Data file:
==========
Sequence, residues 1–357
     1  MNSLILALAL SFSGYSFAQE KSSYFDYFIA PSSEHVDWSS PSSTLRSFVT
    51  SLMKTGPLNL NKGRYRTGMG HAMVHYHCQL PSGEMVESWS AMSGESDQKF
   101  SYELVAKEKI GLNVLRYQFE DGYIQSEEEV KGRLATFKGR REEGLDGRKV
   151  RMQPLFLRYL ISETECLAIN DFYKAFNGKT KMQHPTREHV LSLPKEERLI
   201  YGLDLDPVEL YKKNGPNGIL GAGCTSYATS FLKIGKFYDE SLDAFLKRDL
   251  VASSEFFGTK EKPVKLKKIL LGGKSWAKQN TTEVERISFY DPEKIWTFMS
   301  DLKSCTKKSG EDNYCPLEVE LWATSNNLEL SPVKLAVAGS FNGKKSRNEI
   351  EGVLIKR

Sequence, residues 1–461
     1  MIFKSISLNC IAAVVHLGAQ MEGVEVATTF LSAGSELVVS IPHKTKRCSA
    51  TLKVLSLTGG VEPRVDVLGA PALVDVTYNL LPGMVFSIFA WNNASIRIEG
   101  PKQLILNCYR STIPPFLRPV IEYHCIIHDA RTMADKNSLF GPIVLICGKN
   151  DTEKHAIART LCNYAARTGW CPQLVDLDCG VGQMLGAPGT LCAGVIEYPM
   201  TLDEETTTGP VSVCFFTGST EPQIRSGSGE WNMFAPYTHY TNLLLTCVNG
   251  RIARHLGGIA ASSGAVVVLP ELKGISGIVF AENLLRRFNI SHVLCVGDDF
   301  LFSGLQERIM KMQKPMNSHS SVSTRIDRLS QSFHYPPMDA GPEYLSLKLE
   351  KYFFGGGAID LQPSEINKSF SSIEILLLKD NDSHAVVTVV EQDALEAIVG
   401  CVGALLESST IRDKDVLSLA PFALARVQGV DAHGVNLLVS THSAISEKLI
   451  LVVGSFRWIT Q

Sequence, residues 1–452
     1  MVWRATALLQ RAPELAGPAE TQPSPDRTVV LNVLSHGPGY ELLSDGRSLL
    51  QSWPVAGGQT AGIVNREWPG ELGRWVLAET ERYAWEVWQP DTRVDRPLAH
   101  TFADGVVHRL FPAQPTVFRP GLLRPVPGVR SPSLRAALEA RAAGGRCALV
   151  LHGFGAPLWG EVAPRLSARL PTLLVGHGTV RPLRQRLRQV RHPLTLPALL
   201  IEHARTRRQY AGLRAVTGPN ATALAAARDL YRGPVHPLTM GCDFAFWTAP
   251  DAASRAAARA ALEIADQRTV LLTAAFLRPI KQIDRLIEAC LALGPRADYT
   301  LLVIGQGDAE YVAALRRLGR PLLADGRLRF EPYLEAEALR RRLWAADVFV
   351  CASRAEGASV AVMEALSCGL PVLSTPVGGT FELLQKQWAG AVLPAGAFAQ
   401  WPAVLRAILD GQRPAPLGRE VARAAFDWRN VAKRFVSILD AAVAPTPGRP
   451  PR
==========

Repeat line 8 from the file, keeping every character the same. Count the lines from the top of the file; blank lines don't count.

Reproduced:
   301  DLKSCTKKSG EDNYCPLEVE LWATSNNLEL SPVKLAVAGS FNGKKSRNEI